PTO Canadian Open out for 2023
Organizers look for return in 2024Photo by: PTO/ PTO Canadian Open
The Professional Triathletes Organisation (PTO) Canadian Open isn’t going to happen in 2023, but event organizers are hopeful we’ll see the race back on the calendar in 2024. Organized by Do North Events, a company formed from the crew that staged the World Triathlon events in Edmonton for almost 20 years, last year’s PTO Canadian Open was deemed a success by pretty much everyone involved. With a time slot right after Eurosport’s coverage of the final stage of the Tour de France, the race garnered exceptional television ratings.
Unfortunately the event is dependent on government funding, and the Edmonton City Council wasn’t able to commit funds for the 2023 race in time. While provincial funding might have still been an option, with Alberta heading into an election this summer, any decisions on funding were likely to be delayed, forcing organizers to pull the plug on this year’s race.
As a show of support for the race in Edmonton, the PTO won’t be trying to replace the Canadian Open, which means the PTO Tour will consist of four, rather than five, races this year.
“We are growing the PTO Tour from three events to four in 2023 and very focussed on learning from our inaugural year to develop the professional sport,” PTO CEO Sam Renouf said. “Unfortunately, this means we haven’t been able to include the Canadian Open on this year’s calendar, but we hope to return to Canada in future editions. Canada as triathlon nation has always ‘punched above its weight’ – be that our Collins Cup captain Simon Whitfield’s first ever Olympic medal in 2000, the countless Ironman Champions and more recently the 2020 PTO Champion Paula Findlay. I am sure 2023 will see some top performances from Canadian athletes on the tour.”
Related: Iden wins the PTO Canadian Open
While disappointed, Do North General Manager Stephen Bourdeau admits there are some upsides to this decision. If the event can get some firm financial commitments for 2024, organizers can do some “long planning” for the race in 2024.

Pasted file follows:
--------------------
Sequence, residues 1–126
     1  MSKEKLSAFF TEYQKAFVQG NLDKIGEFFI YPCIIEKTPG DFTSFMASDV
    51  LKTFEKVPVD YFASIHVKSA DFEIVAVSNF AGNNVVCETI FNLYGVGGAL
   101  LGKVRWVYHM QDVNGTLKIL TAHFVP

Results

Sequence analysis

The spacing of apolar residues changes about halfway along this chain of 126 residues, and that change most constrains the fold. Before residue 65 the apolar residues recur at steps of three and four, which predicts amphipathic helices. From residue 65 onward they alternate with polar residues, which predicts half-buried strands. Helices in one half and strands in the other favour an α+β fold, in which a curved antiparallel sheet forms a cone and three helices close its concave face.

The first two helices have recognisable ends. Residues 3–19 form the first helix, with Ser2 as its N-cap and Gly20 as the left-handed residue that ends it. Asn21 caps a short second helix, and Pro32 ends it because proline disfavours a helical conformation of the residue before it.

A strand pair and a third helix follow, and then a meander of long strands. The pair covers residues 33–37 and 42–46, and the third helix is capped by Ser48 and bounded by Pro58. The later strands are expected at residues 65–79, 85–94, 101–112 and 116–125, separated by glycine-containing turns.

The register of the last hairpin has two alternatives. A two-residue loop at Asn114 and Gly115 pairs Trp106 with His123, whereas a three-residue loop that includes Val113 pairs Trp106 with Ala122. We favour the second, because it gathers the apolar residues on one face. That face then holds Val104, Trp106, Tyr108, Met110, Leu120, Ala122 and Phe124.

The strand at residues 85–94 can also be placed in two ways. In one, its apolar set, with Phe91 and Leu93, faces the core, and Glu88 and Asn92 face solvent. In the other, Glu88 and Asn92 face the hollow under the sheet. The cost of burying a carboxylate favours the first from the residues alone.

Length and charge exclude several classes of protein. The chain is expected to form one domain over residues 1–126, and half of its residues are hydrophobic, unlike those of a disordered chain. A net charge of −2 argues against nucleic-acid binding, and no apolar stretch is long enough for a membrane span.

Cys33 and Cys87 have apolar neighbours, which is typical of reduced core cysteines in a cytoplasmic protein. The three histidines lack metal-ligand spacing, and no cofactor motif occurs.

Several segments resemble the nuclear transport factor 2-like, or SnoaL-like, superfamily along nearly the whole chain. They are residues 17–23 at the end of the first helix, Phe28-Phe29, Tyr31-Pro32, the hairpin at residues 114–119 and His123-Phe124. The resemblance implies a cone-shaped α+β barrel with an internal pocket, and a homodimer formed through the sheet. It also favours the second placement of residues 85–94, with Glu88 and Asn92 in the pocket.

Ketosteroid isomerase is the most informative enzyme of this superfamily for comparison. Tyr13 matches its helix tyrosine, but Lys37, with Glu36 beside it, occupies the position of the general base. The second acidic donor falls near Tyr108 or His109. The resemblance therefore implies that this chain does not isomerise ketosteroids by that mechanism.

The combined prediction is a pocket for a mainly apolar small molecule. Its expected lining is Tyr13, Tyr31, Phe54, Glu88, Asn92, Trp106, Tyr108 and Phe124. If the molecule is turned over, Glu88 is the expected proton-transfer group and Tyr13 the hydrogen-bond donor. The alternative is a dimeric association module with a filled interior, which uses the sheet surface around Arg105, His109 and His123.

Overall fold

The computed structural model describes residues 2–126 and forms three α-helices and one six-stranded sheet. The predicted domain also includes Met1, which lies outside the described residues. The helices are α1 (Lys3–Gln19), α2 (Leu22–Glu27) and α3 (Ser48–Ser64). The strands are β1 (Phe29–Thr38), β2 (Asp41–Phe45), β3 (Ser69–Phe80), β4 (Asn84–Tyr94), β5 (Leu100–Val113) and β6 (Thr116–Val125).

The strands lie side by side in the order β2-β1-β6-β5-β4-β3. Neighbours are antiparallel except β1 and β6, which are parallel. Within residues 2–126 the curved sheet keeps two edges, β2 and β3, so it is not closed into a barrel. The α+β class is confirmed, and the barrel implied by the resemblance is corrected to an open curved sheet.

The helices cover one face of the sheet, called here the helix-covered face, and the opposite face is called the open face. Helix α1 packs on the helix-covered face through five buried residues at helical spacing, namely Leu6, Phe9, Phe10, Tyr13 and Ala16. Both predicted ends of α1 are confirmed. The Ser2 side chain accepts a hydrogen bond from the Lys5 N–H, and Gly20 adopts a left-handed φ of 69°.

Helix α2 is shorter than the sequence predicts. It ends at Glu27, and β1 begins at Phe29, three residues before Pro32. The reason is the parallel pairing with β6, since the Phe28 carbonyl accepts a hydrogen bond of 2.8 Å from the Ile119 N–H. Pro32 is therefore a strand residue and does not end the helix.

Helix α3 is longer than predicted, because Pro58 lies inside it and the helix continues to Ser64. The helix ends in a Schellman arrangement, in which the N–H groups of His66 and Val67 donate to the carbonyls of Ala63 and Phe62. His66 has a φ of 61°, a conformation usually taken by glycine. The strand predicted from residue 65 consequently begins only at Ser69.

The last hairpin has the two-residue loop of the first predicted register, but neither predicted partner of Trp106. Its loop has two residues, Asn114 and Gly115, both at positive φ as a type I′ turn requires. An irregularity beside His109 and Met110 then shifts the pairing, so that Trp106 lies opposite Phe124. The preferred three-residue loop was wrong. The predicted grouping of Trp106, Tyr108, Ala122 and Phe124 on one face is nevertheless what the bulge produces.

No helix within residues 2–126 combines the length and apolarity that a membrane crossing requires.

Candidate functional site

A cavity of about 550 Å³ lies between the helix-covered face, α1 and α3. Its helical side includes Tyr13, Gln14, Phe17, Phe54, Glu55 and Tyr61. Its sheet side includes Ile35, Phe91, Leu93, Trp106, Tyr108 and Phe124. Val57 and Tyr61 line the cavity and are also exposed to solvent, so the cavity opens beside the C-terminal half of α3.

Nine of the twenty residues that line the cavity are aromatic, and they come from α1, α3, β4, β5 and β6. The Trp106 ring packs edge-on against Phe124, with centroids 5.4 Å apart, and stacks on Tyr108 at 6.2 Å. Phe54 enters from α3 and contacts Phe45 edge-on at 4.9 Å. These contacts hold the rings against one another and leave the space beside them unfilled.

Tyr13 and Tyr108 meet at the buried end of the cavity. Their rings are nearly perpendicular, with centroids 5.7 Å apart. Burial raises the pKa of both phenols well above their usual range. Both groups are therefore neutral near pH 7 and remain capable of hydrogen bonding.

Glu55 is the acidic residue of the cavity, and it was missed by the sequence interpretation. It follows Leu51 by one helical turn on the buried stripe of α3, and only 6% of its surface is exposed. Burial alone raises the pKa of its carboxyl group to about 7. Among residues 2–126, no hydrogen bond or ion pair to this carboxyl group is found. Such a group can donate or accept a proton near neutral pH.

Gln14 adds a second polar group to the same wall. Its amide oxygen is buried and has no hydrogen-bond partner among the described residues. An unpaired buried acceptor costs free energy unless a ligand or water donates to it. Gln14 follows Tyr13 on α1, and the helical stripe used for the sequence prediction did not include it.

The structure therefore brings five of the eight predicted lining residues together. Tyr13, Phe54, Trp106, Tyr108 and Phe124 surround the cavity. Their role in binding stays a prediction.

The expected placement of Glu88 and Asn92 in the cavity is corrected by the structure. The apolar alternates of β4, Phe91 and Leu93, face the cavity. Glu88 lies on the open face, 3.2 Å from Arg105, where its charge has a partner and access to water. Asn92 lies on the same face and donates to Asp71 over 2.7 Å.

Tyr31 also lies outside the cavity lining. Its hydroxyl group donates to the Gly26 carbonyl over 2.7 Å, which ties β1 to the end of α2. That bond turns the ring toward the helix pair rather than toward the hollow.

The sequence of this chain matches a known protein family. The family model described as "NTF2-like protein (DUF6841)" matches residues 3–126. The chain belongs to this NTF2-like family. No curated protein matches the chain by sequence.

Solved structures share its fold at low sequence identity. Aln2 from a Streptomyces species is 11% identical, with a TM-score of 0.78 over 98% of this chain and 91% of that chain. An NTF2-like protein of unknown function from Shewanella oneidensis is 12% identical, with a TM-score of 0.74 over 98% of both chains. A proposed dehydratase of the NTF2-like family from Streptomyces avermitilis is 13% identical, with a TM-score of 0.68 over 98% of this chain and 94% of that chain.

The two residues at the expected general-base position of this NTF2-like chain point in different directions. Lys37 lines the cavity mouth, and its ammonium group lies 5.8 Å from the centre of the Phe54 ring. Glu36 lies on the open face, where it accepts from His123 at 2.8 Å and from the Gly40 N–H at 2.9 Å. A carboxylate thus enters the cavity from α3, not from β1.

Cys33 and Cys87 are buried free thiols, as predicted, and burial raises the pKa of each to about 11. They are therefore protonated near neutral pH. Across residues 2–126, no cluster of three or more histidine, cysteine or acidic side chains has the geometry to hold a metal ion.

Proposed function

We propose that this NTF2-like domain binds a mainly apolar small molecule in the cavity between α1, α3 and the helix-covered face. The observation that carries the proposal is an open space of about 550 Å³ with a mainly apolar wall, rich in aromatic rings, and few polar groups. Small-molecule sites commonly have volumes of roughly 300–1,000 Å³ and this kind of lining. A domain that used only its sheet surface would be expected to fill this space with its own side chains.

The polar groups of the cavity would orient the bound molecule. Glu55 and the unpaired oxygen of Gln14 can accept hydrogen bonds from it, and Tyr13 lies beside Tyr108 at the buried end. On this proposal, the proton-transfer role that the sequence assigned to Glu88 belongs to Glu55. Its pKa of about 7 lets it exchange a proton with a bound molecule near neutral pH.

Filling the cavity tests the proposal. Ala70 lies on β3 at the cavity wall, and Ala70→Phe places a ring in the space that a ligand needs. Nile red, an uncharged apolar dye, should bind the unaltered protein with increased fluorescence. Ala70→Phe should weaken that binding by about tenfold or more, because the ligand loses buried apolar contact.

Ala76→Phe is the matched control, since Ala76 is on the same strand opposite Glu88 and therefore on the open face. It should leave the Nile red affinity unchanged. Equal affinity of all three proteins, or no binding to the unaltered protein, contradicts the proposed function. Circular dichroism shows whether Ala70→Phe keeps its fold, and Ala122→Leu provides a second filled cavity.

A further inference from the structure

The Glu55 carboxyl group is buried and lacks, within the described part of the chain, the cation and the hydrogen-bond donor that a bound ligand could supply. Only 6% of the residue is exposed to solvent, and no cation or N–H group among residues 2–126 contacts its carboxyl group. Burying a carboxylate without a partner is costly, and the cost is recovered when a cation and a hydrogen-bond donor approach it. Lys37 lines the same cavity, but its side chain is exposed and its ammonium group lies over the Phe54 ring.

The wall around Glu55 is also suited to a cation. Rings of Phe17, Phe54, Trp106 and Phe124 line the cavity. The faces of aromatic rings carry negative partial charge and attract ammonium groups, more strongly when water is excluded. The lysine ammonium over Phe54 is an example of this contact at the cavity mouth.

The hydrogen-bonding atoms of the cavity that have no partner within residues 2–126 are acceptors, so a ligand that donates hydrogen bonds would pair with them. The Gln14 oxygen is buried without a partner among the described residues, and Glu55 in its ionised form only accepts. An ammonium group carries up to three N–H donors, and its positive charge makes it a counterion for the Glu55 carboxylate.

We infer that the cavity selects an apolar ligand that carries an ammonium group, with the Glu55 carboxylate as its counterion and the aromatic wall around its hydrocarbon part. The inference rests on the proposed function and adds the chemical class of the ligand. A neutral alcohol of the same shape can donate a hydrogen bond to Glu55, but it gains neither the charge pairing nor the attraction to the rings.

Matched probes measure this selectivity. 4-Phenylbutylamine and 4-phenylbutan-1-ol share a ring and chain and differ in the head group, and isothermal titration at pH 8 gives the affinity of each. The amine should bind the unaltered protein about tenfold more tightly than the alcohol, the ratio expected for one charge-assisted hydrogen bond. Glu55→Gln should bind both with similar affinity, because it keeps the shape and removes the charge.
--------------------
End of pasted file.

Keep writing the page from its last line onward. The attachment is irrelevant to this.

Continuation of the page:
“Rather than rushing in, we’re going to focus on the long term,” Bourdeau said. “With the closure of Hawrelak Park, we’re excited to go to ‘Plan B,’ which means swimming in the river and a new, unique, venue. Hopefully we’ll be able to do a test event this summer in preparation for next year’s race.”
Related: 5 Things we learned at the PTO Canadian Open
At last year’s race Edmonton native Paula Findlay led for much of the day, eventually finishing second to Australia’s Ashleigh Gentle. Findlay will no-doubt be disappointed that she won’t be back in Edmonton this summer, but can look forward to a potential return to Edmonton in 2024.
Related: Gentle wins the PTO Canadian Open, Findlay second
The cancellation of this year’s PTO Canadian Open adds to the challenges the PTO has been facing as it looks to confirm the races in its Tour for 2023. According to Renouf, one of the issues has been getting city permits to shut down streets at the venues, which are set within some large city centres. With $1 million prize purses, though, athletes will be willing to wait for the final two races to be announced – it’s worth it. And, while the tour will be missing one event in 2023, it is still a game changer for pros in the sport with $4.5 million up for grabs in the Tour ($1 million at the opens and $1.5 million at the Collins Cup). Add to that the $2 million in bonus money the PTO hands out to the top 100 athletes in its standings, too. All of which means it will be well worth the wait to hear where and when those final races will be.
The challenges the PTO has gone through to finalize these new events only adds to the reasoning why the organization appears to be keen on getting back to Edmonton in 2024. It’s a city with a long history of hosting world class events. The organizers, Do North, are so good at what they do that they’ve been hired to help with other major events around the world, including WTCS Bermuda, among others. If the funding can be put in place, the PTO can be quite sure everything else will fall in place. So, it sucks that we won’t be heading to Edmonton in July to see the world’s best triathletes. Here’s hoping we’ll get to do that in 2024.